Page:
The key, Susskind said, is to influence the 30 to 40% in the middle who haven’t yet made up their mind. The “guardians,” as Susskind called them, want to be convinced of a project’s merits and will support the opponents if they think that the process is unfair.
Building trust with stakeholders is key, said MU Connections President Mary Usovicz, who works with project developers on strategy.
“Ask, don’t tell. Spend time listening,” Usovicz said. “I recently did a project and the managers came in and said, ‘What are our talking points, what are we going to say, how are we going to pitch this?’ And I said, ‘No, we’re not doing any of that. We’re going to go on a listening tour. We’re going to go and listen to what people have to say. You’re going to introduce yourselves and say, “And what do you think about this project? How would you do this?”’”
That client spent two months just meeting stakeholders and listening, and that leaves a sense of trust, she said.
“That’s how you build trust,” Usovicz said. “When you listen to what people say, acknowledge what they have to say and actually incorporate it. So they changed their entire campaign after they did this listening tour — that builds up trust. Also it allows you to know what are those gains that Professor Susskind spoke about.”
When they go on such listening tours, developers can sometimes be shocked about what is important to people, she said.
“One lady said, ‘I’ll let you build that pipeline if, with all the trees you have to cut down, you stack them as firewood for me,’” Usovicz said. “That was her ask. I was like, ‘Oh yeah, we’ll stack it. I’ll have my husband come and stack it.’ It’s amazing what is important to people, but if you don’t listen and ask, you’re going to jump to conclusions.”
For one LNG project in Connecticut, Usovicz’s polling and research determined that community members trusted first responders more than the developer, the utility and the mayor. Knowing that the project to expand an LNG facility would remove gas tanker trucks from the roads, she took that information to first responders, who wrote a letter in support of the project because of improved community safety.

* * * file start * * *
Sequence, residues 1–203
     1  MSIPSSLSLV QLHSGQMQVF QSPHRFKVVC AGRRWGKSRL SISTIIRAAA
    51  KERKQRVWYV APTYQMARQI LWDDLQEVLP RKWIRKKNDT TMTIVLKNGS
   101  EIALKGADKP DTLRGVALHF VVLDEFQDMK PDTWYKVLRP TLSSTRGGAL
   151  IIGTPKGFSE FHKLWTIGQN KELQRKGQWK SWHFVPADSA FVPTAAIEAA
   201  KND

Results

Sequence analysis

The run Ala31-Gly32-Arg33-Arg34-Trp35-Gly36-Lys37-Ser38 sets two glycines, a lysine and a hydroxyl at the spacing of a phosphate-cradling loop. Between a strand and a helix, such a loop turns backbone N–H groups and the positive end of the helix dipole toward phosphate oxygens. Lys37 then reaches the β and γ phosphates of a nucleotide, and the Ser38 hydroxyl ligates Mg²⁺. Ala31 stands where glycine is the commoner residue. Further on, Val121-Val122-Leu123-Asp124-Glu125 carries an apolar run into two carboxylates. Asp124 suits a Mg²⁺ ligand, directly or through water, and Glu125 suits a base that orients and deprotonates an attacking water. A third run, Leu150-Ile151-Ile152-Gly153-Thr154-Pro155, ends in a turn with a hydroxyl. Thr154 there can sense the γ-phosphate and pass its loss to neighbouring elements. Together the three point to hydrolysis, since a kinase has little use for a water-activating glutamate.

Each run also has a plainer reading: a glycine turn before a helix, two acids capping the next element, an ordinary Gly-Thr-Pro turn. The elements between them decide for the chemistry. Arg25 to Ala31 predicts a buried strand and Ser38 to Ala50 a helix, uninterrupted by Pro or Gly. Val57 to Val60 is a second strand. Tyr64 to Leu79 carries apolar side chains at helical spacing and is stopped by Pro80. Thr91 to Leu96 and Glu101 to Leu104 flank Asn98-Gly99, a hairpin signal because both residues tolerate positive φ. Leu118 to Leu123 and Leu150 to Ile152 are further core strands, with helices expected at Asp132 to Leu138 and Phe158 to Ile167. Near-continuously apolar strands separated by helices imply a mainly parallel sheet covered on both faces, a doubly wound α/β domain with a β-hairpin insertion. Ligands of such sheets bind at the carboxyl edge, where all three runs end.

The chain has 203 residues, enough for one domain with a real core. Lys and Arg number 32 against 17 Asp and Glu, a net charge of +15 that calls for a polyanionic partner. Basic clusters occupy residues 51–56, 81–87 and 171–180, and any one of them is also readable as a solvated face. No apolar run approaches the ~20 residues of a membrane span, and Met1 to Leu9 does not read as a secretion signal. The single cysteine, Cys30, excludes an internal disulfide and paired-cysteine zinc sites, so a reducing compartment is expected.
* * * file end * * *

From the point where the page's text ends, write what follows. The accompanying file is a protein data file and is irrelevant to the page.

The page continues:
“And then [first responders] became the point of reference for the project,” Usovicz said.
Energy Pricing and Fuel Supply
Participants also touched on other issues.
Andrew Weinstein, legal adviser to FERC Commissioner Cheryl LaFleur, spoke on behalf of his boss, who couldn’t attend the meeting because of family matter.
Weinstein read notes from LaFleur’s speech highlighting issues of the coming years, such as “how energy pricing evolves in the face of so many new technologies and services. We’ve talked for years about non-volumetric energy pricing based on attributes provided, rather than just fuel burned, and it’s closer than it’s ever been.”
ISO-NE CEO Gordon van Welie addressed what he said are the two most important issues facing the region: integrating markets and public policy, and fuel security issues, namely natural gas supply constraints in winter.
Van Welie pondered the issue of state support for renewable resources through contracting: “So the real philosophical challenge is how do you make a competitive market work if one set of resources in that market are going to get cost of service and the rest of the resources are merchant and have to live on the revenues in that wholesale market?”
If one stands back from the details, he said, the question is, “Should the market lean in the direction of creating certainty for the states in terms of the entry of their resources into the capacity market, or should we lean in the direction of ensuring price formation? And I think what you’ll see is the ISO leans a little bit in the direction of price formation, knowing that we’ve got a big, three-decade transition ahead of us.”
Van Welie also noted that the RTO has done a study on fuel security and will wait until issues are settled around the U.S. Energy Department’s Notice of Proposed Rulemaking to subsidize uneconomic coal and nuclear before releasing the report. (See ISO-NE Plans for Hybrid Grid, Flat Loads, More Gas.)
“We’ve got more gas-fired capacity than we need in the winter, but we don’t have enough fuel to supply it,” he said.